It wasn't known how long Majewski would be out, but the information was a sigh of relief for Cincinnati.
"He needs rest," Reds general manager Wayne Krivsky said. "He needs some strengthening. There's nothing structurally wrong. He doesn't need surgery."
Majewski, who owns a 12.53 ERA in his 11 games with the Reds, revealed Monday he's had trouble with his shoulder long before joining the team.
"It's been bothering me for a while," said Majewski, who is 4-4 with a 4.87 ERA in 57 games this season. "After the World Baseball Classic, I tried to fire it up too quick."
But that wasn't all.
"I've been on anti-inflammatory [medication] most of the year," Majewski added. "Right before the break, I had a cortisone shot. I was feeling good the past couple of weeks, but the past week, when it started wearing off, it wasn't allowing me to be out in front. A lot of my pitches were right down the middle."
The 26-year-old Majewski was part of an eight-player trade with the Nationals on July 13 that also brought reliever Bill Bray and shortstop Royce Clayton in exchange for Austin Kearns, Felipe Lopez and Ryan Wagner.
What did the Reds know about Majewski's arm, and when did they know it? What did the Nationals know?
Krivsky would not address the issue. It was known that team medical director Dr. Tim Kremchek did not examine the pitcher before the deal was made.
"I'm not going to talk about anything that was done before the trade [or] what was said, what wasn't said, what was exchanged," Krivsky said. "The bottom line is he has a tired shoulder."
However, if it was learned that the Nationals were aware of an injury before they made the deal, the Reds could potentially cite "damaged goods" and file a grievance with the league.
Majewski, who gave up four eighth-inning runs and lost a two-run lead in a 6-4 setback to the Braves on Sunday, did not tell anyone with the Reds about his situation until Monday. And that was on a suggestion from his fiancée as he drove her to the airport on Sunday night.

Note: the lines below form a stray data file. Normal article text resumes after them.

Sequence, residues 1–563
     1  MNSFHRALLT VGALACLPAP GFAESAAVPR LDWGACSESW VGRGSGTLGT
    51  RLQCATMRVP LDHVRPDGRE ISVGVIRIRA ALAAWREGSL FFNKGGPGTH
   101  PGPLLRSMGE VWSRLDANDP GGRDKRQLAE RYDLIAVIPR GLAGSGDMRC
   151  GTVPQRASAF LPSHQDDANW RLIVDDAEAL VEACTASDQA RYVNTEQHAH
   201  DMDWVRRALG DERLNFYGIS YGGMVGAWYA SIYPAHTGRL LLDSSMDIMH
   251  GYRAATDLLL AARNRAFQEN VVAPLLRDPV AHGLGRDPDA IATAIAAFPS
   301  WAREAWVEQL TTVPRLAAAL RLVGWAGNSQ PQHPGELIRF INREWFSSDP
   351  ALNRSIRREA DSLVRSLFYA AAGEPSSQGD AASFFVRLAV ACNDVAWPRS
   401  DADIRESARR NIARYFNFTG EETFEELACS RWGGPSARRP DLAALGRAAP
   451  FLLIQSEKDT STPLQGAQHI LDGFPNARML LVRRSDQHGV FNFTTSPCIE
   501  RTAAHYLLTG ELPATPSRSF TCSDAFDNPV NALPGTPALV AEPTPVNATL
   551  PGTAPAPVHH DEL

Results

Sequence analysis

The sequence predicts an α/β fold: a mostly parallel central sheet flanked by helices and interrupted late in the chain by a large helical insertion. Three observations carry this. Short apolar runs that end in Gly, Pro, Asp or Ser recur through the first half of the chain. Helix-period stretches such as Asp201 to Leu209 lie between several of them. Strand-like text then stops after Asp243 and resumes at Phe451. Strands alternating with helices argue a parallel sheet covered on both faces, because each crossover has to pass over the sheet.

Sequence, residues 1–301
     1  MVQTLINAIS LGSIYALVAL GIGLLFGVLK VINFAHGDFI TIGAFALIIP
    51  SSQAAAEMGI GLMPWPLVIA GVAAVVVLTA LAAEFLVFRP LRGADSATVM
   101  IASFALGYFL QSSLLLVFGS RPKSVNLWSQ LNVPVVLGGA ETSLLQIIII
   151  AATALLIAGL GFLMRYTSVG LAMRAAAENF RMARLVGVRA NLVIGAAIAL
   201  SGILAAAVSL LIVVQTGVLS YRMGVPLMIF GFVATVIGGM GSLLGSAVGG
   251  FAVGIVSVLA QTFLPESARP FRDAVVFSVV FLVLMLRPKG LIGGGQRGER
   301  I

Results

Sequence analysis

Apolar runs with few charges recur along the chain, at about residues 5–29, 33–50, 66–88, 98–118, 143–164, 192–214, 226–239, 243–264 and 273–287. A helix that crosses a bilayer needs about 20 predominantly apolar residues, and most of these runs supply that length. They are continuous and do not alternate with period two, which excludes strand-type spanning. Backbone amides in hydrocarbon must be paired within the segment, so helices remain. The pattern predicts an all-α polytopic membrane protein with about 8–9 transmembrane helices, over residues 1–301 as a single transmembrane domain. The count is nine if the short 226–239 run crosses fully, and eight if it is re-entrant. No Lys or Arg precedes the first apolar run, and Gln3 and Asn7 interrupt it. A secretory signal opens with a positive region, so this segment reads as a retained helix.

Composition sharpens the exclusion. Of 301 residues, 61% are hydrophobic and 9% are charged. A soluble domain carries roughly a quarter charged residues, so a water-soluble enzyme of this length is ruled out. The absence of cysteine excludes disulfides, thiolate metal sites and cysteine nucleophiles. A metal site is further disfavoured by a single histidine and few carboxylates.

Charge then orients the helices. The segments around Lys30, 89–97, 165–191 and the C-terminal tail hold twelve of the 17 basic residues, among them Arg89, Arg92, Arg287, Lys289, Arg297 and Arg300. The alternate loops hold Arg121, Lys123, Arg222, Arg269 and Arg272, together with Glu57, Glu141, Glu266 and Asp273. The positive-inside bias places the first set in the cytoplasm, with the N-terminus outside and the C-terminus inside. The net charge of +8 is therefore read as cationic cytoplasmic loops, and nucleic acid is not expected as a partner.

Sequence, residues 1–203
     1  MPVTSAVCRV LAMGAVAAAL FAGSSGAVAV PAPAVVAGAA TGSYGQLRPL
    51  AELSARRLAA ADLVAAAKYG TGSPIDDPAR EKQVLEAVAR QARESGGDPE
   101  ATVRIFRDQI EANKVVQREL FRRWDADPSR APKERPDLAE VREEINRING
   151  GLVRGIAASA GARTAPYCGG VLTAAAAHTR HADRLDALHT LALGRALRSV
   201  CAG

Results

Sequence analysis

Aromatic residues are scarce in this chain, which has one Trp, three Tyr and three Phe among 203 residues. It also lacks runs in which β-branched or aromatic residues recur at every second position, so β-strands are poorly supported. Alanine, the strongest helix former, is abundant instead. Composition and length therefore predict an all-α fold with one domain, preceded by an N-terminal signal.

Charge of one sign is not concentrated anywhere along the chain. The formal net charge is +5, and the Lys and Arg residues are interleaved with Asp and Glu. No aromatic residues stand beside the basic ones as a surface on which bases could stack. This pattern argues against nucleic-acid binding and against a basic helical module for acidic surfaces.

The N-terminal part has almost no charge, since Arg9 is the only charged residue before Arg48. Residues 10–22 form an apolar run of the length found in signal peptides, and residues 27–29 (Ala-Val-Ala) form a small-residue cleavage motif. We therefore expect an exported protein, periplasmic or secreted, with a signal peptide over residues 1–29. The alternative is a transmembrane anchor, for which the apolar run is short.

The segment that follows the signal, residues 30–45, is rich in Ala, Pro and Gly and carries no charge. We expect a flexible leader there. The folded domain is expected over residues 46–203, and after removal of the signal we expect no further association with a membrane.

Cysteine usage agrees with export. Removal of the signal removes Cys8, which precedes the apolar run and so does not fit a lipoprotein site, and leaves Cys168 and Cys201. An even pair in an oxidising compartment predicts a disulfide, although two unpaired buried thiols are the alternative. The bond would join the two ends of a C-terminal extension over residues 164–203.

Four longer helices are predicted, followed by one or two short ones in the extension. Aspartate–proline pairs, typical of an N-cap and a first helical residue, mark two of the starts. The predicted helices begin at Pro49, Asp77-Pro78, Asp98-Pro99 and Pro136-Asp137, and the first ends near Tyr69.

"She told me to say something," Majewski said. "I said something first thing when I came in [Monday] morning. There are certain things you can pitch through and certain things you can't. I just thought 'tendinitis, pitch through it and hopefully it will go away.' The last week, after every game, it was getting worse and worse. When I pitched, my arm felt fine, but when I was done and cooled down, it would tighten up real fast."
Majewski had been considered a durable and repeatable bullpen arm since he broke into the Major Leagues in 2004. His 65 innings pitched this season was tied for most among National League relievers. He worked 86 innings for the Nationals last season and 2 2/3 innings for Team USA in the World Baseball Classic in March.
With Cincinnati, Majewski was charged with at least one run in seven of his 11 games. He retired the first batter he faced in only three of his 11 appearances, a telling statistic for a struggling reliever.
"He had everything that shows that he's got fatigue," Kremchek said of the MRI. "He's a young kid. He's thrown a lot. He needs some time to get it better. So, we're going to get it better over the next few weeks."